border patrol watches for illegal crossing tijuana A Border Patrol vehicle sits along the border fence separating San Diego and Tijuana in March 2016. (Donna Burton/Customs and Border Protection)

Economists Find High Cost and Low Benefit to Border Fence for US Workers

From 2007 to 2010, the United States built an additional 548 miles of fencing across the U.S.-Mexico border. The fence came at a high cost to American taxpayers and only minimally reduced unauthorized Mexican migration, according to new research by economists at Stanford and Dartmouth.

The new working paper – co-authored by Stanford economist Melanie Morten, Stanford doctoral candidate Cauê Dobbin and Dartmouth economist Treb Allen – examines the effects of the Secure Fence Act of 2006, which added 548 miles of border fence between the two countries. At a cost of $2.3 billion, the expansion raised total fencing to 658 miles, one-third of the entire U.S.-Mexico border.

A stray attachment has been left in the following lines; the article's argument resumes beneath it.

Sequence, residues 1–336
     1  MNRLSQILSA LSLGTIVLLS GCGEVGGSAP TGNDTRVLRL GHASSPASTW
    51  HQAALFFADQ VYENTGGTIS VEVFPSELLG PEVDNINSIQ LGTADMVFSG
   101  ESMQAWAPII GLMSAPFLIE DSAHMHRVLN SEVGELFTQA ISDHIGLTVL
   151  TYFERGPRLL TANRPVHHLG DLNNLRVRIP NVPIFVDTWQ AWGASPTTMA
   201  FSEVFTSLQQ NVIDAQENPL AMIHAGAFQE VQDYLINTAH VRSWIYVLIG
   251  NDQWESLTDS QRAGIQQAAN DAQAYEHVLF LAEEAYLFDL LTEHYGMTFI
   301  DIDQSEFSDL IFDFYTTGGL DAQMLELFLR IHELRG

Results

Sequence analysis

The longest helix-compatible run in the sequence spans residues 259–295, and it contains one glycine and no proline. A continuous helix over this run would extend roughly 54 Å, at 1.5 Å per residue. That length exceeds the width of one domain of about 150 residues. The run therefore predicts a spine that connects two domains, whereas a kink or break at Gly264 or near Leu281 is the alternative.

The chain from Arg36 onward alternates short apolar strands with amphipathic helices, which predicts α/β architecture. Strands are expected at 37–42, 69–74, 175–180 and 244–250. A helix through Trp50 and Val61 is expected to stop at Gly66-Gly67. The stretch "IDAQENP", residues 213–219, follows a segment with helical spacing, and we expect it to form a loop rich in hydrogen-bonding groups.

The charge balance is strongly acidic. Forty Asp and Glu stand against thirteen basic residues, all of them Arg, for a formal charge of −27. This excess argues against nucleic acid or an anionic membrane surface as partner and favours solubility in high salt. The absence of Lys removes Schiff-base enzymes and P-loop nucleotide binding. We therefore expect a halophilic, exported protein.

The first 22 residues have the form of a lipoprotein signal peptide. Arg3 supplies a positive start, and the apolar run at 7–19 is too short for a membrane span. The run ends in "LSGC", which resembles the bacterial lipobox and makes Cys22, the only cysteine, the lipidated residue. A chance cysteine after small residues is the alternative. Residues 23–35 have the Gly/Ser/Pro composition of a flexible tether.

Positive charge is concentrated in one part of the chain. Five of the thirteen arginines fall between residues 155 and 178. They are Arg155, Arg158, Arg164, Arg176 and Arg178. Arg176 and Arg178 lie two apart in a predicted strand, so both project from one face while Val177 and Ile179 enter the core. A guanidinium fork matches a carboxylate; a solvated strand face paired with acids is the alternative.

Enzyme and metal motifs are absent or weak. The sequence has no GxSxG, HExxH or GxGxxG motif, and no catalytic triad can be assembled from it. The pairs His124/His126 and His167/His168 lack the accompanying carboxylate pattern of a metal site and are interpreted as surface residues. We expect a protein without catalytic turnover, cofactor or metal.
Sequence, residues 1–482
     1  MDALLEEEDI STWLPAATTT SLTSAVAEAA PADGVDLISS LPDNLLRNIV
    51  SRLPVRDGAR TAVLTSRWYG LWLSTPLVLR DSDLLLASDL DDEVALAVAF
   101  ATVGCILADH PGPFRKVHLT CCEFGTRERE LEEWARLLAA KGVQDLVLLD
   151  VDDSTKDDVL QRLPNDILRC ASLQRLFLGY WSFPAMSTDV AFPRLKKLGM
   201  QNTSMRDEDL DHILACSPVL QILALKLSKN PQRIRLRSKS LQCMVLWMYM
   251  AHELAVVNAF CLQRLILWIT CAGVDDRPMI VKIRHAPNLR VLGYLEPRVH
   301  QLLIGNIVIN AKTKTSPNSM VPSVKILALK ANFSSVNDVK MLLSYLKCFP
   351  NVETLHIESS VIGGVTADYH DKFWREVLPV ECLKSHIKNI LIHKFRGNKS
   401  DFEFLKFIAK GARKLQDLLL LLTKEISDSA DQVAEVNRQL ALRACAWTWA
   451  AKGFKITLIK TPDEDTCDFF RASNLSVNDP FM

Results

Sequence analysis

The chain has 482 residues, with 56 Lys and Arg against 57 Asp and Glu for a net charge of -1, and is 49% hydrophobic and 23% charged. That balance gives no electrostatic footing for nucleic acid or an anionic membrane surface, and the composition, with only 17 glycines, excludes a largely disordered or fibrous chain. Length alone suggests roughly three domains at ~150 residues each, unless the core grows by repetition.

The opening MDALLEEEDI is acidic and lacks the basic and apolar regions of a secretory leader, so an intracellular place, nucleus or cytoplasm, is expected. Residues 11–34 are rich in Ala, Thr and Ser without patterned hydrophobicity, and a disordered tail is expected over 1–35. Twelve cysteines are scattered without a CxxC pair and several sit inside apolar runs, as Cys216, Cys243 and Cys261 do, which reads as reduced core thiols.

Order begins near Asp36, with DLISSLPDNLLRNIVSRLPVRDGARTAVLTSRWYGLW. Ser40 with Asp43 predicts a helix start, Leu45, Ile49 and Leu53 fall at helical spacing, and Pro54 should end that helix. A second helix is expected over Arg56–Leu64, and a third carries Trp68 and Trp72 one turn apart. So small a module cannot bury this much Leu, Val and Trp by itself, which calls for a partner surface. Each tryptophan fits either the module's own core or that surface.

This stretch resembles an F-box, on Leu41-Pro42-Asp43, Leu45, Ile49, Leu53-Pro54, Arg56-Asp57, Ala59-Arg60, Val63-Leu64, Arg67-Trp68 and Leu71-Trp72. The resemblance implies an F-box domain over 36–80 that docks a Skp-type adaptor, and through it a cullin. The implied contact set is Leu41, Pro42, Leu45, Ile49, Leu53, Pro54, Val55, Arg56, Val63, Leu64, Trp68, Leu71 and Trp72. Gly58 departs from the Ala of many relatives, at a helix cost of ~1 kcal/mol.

Morten and her collaborators embarked on the study in the summer of 2016 after seeing a need for more empirical evidence on the effects of the border wall amid ongoing debates over immigration.

Read the full report at Stanford University

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